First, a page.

Making connections: take-home investigation—drop of tennis ball and a basketball

Hold a tennis ball side by side and in contact with a basketball. Drop the balls together. (Be careful!) What happens? Explain your observations. Now hold the tennis ball above and in contact with the basketball. What happened? Explain your observations. What do you think will happen if the basketball ball is held above and in contact with the tennis ball?

Questions & Answers

Is there any normative that regulates the use of silver nanoparticles?
Damian Reply
what king of growth are you checking .?
Renato
What fields keep nano created devices from performing or assimulating ? Magnetic fields ? Are do they assimilate ?
Stoney Reply
why we need to study biomolecules, molecular biology in nanotechnology?
Adin Reply
?
Kyle
yes I'm doing my masters in nanotechnology, we are being studying all these domains as well..
Adin
why?
Adin
what school?
Kyle
biomolecules are e building blocks of every organics and inorganic materials.
Joe
anyone know any internet site where one can find nanotechnology papers?
Damian Reply
research.net
kanaga
sciencedirect big data base
Ernesto
Introduction about quantum dots in nanotechnology
Praveena Reply
what does nano mean?
Anassong Reply
nano basically means 10^(-9). nanometer is a unit to measure length.
Bharti
do you think it's worthwhile in the long term to study the effects and possibilities of nanotechnology on viral treatment?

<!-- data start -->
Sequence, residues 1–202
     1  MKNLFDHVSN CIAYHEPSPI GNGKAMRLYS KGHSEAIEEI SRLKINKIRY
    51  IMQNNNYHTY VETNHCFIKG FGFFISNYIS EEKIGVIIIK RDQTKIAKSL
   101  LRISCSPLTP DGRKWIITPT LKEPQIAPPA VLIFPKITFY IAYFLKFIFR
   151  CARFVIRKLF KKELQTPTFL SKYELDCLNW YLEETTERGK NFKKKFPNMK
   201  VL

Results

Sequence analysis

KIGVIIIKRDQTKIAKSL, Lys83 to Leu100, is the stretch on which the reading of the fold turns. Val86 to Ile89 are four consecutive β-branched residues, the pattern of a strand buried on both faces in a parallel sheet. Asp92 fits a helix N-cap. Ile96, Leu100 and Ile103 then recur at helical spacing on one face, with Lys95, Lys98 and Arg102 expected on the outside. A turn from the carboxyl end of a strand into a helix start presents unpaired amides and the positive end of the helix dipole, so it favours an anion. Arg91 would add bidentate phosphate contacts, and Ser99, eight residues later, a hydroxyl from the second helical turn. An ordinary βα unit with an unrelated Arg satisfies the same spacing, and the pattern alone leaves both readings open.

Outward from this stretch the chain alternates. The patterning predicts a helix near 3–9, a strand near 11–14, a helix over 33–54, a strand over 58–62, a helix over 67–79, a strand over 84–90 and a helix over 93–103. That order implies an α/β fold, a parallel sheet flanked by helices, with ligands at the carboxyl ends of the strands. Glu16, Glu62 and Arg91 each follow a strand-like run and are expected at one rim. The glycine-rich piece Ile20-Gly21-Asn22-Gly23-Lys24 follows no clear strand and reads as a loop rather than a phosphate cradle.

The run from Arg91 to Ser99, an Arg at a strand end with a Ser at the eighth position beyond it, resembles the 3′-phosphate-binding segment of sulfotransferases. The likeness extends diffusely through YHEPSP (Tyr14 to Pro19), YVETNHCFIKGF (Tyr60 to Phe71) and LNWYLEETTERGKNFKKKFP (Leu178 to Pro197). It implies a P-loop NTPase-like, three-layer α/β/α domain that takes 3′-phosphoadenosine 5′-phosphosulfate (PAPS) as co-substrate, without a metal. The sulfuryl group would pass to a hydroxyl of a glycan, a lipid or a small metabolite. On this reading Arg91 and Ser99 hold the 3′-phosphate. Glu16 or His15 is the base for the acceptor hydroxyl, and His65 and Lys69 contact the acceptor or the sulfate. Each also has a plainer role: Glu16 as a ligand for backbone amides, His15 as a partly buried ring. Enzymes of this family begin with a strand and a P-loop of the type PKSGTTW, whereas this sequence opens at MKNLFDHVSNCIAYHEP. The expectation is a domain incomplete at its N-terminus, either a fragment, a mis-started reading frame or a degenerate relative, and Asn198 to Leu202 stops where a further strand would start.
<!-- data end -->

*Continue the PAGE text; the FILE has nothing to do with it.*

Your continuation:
Damian Reply
absolutely yes
Daniel
how to know photocatalytic properties of tio2 nanoparticles...what to do now
Akash Reply
it is a goid question and i want to know the answer as well
Maciej
characteristics of micro business
Abigail
for teaching engĺish at school how nano technology help us
Anassong
Do somebody tell me a best nano engineering book for beginners?
s. Reply
there is no specific books for beginners but there is book called principle of nanotechnology
NANO
what is fullerene does it is used to make bukky balls
Devang Reply
are you nano engineer ?
s.
fullerene is a bucky ball aka Carbon 60 molecule. It was name by the architect Fuller. He design the geodesic dome. it resembles a soccer ball.
Tarell
what is the actual application of fullerenes nowadays?
Damian
That is a great question Damian. best way to answer that question is to Google it. there are hundreds of applications for buck minister fullerenes, from medical to aerospace. you can also find plenty of research papers that will give you great detail on the potential applications of fullerenes.
Tarell
what is the Synthesis, properties,and applications of carbon nano chemistry
Abhijith Reply
Mostly, they use nano carbon for electronics and for materials to be strengthened.
Virgil
is Bucky paper clear?
CYNTHIA
carbon nanotubes has various application in fuel cells membrane, current research on cancer drug,and in electronics MEMS and NEMS etc
NANO
so some one know about replacing silicon atom with phosphorous in semiconductors device?
s. Reply
Yeah, it is a pain to say the least. You basically have to heat the substarte up to around 1000 degrees celcius then pass phosphene gas over top of it, which is explosive and toxic by the way, under very low pressure.
Harper
Do you know which machine is used to that process?
s.
how to fabricate graphene ink ?
SUYASH Reply
for screen printed electrodes ?
SUYASH
What is lattice structure?
s. Reply
of graphene you mean?
Ebrahim
or in general
Ebrahim
in general
s.
Graphene has a hexagonal structure
tahir
On having this app for quite a bit time, Haven't realised there's a chat room in it.
Cied
what is biological synthesis of nanoparticles
Sanket Reply
how did you get the value of 2000N.What calculations are needed to arrive at it
Smarajit Reply
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Source:  OpenStax, Physics of the world around us. OpenStax CNX. May 21, 2015 Download for free at http://legacy.cnx.org/content/col11797/1.1